No place for ‘undesirables’: the urban poor’s struggle for survival in Bulawayo, Zimbabwe, 1960-2005.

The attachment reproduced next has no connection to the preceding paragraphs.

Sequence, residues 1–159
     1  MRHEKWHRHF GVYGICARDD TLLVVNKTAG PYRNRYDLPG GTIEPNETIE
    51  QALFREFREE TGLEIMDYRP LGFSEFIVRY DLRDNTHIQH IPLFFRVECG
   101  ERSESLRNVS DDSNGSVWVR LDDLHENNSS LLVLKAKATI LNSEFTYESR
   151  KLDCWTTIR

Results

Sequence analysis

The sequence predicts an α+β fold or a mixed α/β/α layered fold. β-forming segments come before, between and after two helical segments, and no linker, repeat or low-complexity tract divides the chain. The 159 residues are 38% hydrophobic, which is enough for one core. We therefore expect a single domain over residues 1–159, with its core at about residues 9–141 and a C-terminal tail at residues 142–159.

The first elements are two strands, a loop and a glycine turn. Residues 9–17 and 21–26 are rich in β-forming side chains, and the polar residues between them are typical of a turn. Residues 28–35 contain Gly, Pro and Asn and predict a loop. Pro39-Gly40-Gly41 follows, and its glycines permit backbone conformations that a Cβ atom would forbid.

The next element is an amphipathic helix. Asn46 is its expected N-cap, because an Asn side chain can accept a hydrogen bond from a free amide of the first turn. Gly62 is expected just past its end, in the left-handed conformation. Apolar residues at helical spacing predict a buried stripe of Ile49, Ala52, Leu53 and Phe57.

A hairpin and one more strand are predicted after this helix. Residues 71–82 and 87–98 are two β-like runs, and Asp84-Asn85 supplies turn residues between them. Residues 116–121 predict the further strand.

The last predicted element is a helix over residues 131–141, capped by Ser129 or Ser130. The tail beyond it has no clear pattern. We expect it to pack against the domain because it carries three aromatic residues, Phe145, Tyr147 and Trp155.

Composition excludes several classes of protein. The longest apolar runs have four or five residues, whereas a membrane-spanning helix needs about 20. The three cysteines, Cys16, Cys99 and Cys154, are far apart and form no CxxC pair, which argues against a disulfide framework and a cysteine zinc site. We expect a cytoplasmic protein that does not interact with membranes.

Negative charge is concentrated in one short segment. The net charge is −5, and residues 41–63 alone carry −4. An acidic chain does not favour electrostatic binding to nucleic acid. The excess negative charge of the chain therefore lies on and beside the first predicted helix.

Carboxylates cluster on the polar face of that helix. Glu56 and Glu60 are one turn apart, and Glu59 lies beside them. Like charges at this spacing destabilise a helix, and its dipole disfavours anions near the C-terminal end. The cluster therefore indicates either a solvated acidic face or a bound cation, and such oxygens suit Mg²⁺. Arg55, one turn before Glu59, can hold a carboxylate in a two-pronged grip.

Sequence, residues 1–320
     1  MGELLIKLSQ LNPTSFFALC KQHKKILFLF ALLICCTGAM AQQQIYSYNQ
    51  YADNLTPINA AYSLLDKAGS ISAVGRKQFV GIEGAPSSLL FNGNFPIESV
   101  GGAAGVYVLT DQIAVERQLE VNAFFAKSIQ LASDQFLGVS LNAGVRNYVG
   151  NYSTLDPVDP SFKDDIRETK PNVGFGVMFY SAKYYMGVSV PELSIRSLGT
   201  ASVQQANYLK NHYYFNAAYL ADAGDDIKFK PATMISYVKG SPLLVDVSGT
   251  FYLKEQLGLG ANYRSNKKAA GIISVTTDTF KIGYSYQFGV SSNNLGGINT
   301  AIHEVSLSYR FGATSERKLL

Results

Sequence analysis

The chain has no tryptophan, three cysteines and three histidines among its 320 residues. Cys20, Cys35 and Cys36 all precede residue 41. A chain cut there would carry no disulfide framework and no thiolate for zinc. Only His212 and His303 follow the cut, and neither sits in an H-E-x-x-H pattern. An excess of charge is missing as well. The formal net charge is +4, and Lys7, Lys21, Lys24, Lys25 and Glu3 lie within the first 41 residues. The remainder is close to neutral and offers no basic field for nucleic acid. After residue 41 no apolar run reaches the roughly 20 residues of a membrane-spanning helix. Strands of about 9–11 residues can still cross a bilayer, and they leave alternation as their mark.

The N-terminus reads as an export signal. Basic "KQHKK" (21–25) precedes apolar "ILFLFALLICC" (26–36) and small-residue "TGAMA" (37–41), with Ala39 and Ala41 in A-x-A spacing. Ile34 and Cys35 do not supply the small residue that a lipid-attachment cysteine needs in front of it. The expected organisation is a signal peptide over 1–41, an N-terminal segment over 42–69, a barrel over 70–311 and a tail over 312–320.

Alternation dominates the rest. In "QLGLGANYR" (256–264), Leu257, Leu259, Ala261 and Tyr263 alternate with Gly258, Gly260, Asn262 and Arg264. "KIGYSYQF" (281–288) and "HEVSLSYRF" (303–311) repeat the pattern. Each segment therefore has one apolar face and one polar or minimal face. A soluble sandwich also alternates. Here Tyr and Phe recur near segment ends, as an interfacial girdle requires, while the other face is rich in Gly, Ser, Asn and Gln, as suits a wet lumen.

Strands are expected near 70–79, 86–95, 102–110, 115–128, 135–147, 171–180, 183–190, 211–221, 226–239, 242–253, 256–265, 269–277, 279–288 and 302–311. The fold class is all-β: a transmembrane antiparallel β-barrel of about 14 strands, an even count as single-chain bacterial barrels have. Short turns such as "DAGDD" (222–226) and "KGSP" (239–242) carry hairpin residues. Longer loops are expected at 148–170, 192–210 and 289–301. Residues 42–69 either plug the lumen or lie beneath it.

This thesis studies the social history of the poor in Bulawayo, the second largest city in Zimbabwe, between 1960 and 2005. This is accomplished by focusing on the housing and unemployment crises they faced and the manifest reluctance of authorities to either provide enough housing or to accept mushrooming informal housing and economic activities in response to these acute shortages. I attempt to highlight the fragility of the poor’s claim to the right to permanent urban residency emphasizing inadequate state funding and poverty and continuities in some discourses from colonial to the post colonial era as factors responsible for spreading and sustaining the discrimination against low income earners in the city. These included authorities’ perceptions that all Africans belonged to rural areas, have access to land, and that low income Africans were immoral and unclean. While these perceptions tended to be fuelled by the racial divide between whites and blacks during the colonial period, class and gender dynamics among Africans crisscrossed that racial divide. After independence, while these perceptions were still alive, central government policy ambitions and failures were instrumental in influencing the welfare and fate of the urban masses and their relations with the former middle class Africans and nationalist leaders who assumed power in 1980. It becomes clear that there was a misunderstanding by authorities on how most of the rural land was not able to support some families because of infertility or lack of resources to successfully till the land by most some families. The overall conclusion is that poor people’s rights to permanent residency were elusive up to 2005 and their living and survival space has been continuing to shrink in the city.